Newtown, flooding, the plight of our military members, the flu, unemployment, foreclosures and high prices have been just a few of our personal and community stressors and heartbreaks during the past few years. While stress alone doesn't cause mental illness, it can trigger the onset in predisposed individuals and worsen the symptoms of those who are affected already. For this reason, I believe it's way past time for all of our families, friends and neighbors to seriously discuss mental health.
Mental health should be talked about in the open, like we would about other kinds of health and medical conditions. Making it a commonplace topic can go a long way in helping people feel uninhibited about seeking assistance and treatment. How we communicate our beliefs and feelings about mental health conditions and the people who have them affects our individual approachability. Wouldn't it be terrible if your loved ones and friends felt unable to go to you for help? Please let your language, attitudes and actions tell them that they are safe in doing so. As we know from national studies, most individuals will wait one year or more from the onset and initial symptoms of mental illness before accessing treatment. Would we wait one year if we had a broken arm? Much of the delay in reaching out for services is due to stigma.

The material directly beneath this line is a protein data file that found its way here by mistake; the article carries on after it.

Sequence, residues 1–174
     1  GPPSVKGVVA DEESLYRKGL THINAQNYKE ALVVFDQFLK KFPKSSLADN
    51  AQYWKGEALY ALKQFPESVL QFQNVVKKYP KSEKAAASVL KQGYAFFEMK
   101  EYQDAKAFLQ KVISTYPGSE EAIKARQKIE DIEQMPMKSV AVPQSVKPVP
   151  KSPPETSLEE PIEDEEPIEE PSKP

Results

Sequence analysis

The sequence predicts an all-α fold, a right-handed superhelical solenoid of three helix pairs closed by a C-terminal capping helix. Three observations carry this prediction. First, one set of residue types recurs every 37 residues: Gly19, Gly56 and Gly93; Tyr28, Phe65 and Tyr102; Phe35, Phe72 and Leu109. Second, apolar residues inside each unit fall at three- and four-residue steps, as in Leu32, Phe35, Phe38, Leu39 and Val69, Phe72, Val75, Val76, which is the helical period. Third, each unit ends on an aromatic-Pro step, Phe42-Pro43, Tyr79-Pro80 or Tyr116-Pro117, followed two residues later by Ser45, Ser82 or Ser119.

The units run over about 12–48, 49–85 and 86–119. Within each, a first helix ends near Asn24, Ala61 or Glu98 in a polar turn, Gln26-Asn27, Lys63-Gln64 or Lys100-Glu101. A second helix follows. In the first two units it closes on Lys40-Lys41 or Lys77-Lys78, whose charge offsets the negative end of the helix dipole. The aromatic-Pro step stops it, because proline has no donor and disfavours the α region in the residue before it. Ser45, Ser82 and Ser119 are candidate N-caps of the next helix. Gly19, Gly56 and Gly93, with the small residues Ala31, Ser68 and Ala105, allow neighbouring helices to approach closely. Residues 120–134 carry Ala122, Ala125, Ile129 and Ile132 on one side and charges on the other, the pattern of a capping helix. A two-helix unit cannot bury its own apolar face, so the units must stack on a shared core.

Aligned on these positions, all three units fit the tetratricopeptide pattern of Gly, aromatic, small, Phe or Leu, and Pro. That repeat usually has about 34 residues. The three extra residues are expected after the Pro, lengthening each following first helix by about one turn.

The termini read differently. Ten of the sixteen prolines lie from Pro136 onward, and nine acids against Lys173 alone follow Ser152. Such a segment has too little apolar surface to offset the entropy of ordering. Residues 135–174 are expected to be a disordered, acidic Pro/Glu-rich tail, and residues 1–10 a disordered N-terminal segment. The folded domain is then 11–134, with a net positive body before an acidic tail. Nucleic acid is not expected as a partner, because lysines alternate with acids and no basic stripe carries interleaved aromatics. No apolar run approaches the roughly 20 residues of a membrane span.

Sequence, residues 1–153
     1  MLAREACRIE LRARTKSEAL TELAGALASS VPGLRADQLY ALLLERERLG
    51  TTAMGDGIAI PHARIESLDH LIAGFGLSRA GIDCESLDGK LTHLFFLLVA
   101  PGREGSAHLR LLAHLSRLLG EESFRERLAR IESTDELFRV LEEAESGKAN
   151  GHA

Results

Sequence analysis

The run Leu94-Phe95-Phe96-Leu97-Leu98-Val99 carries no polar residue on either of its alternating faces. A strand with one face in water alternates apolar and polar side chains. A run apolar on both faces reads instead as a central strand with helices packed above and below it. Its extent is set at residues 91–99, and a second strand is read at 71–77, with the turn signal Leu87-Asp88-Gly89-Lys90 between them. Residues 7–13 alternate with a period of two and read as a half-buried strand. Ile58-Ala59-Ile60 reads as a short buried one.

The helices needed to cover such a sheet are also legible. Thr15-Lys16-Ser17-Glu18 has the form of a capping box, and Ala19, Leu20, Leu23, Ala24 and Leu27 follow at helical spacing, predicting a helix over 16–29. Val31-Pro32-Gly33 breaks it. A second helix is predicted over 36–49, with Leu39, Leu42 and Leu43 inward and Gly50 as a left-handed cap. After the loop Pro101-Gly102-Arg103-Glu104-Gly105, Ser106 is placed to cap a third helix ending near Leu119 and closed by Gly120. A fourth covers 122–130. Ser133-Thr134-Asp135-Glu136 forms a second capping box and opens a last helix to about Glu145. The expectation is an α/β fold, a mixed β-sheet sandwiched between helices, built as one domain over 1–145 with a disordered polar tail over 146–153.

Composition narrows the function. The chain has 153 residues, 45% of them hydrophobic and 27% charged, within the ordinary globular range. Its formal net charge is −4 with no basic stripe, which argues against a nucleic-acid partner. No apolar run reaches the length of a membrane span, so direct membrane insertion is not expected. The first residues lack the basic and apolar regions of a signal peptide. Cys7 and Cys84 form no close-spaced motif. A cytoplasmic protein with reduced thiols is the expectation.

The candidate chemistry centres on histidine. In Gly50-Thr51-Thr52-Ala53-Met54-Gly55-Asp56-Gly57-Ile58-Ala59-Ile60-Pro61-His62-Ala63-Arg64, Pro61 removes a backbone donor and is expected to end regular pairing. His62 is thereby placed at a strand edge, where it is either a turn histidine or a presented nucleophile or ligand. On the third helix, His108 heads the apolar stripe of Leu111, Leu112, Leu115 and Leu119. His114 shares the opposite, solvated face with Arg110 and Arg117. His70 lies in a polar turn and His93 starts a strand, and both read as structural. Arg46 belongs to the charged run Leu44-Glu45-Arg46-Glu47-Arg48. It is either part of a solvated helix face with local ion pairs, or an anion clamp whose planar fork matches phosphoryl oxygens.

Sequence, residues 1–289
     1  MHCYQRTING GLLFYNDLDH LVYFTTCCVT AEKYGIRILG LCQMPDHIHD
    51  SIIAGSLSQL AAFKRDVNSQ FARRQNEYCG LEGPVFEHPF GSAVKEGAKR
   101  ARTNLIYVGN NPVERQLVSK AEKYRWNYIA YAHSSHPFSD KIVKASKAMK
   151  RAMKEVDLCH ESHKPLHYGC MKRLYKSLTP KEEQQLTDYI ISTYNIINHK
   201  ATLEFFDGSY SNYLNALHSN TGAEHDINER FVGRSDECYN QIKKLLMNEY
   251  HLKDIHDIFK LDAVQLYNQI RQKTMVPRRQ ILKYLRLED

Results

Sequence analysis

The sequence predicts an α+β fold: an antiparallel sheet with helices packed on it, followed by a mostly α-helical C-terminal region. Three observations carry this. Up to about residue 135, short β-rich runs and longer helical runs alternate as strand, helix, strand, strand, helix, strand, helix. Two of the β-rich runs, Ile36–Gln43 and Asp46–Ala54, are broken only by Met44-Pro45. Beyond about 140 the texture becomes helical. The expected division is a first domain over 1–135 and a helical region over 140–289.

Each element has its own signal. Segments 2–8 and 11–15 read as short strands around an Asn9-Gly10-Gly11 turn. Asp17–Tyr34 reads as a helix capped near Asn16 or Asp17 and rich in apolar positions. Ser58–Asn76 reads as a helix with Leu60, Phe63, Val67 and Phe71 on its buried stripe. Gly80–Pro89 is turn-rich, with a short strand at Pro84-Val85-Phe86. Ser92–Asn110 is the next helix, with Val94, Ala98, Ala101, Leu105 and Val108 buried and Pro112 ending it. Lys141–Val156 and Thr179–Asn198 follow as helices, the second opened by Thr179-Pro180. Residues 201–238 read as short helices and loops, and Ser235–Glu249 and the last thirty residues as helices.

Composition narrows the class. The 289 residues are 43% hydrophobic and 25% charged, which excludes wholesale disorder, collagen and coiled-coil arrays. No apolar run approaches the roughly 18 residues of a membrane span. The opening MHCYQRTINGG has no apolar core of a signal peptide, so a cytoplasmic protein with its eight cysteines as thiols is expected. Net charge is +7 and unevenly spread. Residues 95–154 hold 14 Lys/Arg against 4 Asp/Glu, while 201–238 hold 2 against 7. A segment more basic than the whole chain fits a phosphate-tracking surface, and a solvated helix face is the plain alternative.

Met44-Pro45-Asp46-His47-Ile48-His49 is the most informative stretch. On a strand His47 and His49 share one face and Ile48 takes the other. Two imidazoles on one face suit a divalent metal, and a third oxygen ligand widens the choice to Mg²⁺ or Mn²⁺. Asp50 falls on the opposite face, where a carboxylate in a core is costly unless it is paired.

Please consider the media that you pay attention to. Too many movies and TV programs perpetuate the myth that most violent crimes are committed by those with mental illnesses. The truth is that illegal drugs and alcohol abuse are the most common denominators in deciphering the root cause of most of the violence perpetuated in our country. A person with a severe mental health condition is far more likely to be the victim of an aggressive act than be the perpetrator. Before we can make any lasting and meaningful changes regarding personal and community health and safety, we need to finally do away with these unhelpful attitudes and stereotypes.
Mental Health Association in Fulton and Montgomery Counties